Bartman himself has a checkered past. Born in Iowa in 1949, he dropped out of high school, was rejected for service in the Marines, had a stint in a gang and worked with a carnival. He went to work in a meat packing plant before securing his GED and going on to college and law school.

He became a real estate investor in the 1980s after building a practice as a bankruptcy attorney. He later took over an oil firm in Oklahoma where he had initial success before going bust when oil prices tanked in 1985.

 

Although Bartman was deep in personal debt he was able to finance a scheme to buy defaulted loans from the federal government and built a debt collection service with a healthy profit margin. He was able to pay some of his past personal debts and build a viable business.

According to the New York Times, the business model involved CFS borrowing money from investors by selling securitized debt certificates. In essence it was similar to a mortgage backed security we are all familiar with today. Investors bought the debt certificates and CFS used the money to buy up pools of debt from the federal government. If they were able to collect on the debt, the money would be passed back to the investors while CFS would take a cut.

Credit agencies such as Moodys were unable to verify the company’s procedures and in 1997 some ceased backing CFS with a credit rating. It was later determined that as much as 60 percent of the collections were actually transfers of the debt pool to a shell company connected to Mr. Bartman’s partner, Jay Jones. Jones pleaded guilty to federal conspiracy charges in 2003 and served time in prison.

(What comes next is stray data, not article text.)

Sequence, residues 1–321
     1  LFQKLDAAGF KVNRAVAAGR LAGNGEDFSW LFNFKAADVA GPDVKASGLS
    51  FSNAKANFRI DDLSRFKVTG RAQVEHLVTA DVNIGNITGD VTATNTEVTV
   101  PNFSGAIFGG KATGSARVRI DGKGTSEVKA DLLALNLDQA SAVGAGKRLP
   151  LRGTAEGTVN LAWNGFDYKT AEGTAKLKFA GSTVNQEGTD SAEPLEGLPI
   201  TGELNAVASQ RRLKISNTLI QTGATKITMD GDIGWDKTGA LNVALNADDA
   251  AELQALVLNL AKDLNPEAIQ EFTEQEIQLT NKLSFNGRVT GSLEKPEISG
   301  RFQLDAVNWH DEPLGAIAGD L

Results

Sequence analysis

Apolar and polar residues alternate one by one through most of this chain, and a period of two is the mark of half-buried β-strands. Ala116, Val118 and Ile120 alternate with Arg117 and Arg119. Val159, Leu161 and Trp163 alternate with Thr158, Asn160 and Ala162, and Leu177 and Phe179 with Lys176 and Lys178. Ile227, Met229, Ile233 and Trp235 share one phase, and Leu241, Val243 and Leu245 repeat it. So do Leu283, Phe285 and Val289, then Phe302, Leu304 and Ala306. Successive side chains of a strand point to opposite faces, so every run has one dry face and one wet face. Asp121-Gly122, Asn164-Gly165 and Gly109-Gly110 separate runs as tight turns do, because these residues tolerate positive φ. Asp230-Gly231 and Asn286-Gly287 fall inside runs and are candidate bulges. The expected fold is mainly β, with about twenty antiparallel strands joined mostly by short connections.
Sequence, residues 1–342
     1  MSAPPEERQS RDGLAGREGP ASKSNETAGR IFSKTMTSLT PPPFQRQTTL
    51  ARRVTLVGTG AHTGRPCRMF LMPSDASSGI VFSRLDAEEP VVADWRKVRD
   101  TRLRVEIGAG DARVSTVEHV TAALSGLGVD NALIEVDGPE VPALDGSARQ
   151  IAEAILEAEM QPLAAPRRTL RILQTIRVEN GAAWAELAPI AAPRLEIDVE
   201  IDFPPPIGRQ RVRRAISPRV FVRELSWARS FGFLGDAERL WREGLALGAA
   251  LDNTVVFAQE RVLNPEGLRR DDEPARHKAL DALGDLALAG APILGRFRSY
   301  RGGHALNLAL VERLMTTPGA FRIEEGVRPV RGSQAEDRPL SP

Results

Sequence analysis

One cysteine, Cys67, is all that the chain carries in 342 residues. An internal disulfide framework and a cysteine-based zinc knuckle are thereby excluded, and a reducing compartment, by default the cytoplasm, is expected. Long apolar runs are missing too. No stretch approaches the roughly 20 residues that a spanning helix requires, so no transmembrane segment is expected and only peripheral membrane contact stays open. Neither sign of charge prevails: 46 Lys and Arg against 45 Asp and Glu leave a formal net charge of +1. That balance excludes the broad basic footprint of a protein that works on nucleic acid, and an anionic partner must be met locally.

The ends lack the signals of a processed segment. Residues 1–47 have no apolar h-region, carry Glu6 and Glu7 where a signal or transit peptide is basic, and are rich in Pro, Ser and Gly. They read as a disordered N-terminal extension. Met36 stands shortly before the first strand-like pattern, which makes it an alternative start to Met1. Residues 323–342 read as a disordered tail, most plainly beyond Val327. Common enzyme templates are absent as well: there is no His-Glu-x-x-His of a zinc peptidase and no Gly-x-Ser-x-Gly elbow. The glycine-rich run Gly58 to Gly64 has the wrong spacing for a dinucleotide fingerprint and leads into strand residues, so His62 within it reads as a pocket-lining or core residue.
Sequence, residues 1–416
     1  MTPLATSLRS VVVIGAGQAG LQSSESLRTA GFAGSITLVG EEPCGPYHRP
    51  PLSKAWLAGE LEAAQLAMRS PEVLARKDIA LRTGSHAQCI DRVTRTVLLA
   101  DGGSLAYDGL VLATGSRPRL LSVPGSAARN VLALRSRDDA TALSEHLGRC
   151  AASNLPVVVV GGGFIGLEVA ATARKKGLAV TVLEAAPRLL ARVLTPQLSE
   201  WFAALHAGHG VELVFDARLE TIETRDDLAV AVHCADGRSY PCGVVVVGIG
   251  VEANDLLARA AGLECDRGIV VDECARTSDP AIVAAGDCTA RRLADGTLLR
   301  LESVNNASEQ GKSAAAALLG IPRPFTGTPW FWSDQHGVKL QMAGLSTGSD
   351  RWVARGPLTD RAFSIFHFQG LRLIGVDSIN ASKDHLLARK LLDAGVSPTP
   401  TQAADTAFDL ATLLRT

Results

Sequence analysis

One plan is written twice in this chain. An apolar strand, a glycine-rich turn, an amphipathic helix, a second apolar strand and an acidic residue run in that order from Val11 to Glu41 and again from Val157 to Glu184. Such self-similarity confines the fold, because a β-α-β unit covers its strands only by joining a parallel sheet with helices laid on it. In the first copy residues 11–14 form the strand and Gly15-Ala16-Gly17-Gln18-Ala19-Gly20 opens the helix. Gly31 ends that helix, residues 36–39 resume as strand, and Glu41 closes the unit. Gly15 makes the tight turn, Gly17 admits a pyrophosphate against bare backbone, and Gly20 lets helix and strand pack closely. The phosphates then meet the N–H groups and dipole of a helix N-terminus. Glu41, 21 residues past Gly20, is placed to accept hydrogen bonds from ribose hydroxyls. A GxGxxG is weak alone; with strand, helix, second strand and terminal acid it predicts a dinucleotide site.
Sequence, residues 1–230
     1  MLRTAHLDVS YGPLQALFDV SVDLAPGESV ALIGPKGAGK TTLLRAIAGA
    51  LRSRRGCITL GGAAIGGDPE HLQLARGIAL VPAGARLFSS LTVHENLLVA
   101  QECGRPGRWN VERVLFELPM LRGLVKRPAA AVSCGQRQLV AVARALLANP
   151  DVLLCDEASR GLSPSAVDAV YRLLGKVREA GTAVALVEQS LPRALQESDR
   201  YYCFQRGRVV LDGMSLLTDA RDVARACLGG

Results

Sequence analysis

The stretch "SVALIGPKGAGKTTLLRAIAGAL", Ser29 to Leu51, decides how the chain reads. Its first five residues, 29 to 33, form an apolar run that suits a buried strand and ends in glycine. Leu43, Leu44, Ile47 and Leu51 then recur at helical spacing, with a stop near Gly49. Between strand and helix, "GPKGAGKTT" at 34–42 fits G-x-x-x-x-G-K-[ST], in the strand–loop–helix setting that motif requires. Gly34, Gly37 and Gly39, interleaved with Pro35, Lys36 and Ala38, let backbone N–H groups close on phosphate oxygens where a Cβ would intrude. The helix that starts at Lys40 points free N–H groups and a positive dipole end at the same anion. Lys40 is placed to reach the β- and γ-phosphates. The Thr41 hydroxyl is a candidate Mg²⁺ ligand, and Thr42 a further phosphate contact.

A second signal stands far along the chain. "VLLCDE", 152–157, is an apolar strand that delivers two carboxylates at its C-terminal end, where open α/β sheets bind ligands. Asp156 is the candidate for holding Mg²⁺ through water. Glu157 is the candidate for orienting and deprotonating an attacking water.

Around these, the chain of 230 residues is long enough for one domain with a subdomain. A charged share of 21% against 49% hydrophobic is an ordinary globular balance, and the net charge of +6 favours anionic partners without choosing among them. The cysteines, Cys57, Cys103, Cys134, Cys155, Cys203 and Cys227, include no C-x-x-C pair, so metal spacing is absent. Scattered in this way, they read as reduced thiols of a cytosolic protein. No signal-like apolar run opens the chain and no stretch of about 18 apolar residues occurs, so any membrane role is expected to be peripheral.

At the time of the trial, Bartman claimed to be unaware of Jones’s scheme to prop up the company’s debt collection rate, although he was the principal owner of CFS. Bartman was indicted in the incident, but was found not guilty by a jury.

Prior to that however, Bartman had resisted several overtures from major banks including Goldman Sachs who wanted to buy a large stake of the company at the height of CFS’s profitability. He did buy out his partner Jones for $50 million, and it is thought Jones used that money to start the shell company that bought pools of debt from CFS.

Bartman has made his way back into the public eye, first by working with officials in Oklahoma on economic development issues, and most recently by publishing a book titled “Bailout Riches” which was a global bestseller. He also speaks on ways to profit from the banking collapse by buying defaulted bank debt and utilizing TARP subsidies, and has written a column for the Huffington Post condemning aggressive debt collection.

Bartman has made news in 2012 by pitting localities across the Triad against each other in a bid to host a reformed CFS. CFSII approached Greensboro, High Point and Winston-Salem declaring interest in locating a new operation in the Triad, setting off an incentive bidding war between the cities before Greensboro and High Point withdrew. Bartman claims that Nevada and Illinois are also vying to host CFSII, however an internet search for CFSII and Illinois returns no results. The Nevada Commission on Economic Development has offered incentives totaling $570,000 in their bid to host CFSII. Bartman claims that CFSII plans to expand from the 220 employees it reported in 2011 to 10,000 employees in 5 states within 5 years.

 

This story is still developing.  Please check back with CCD in the coming days for follow-up.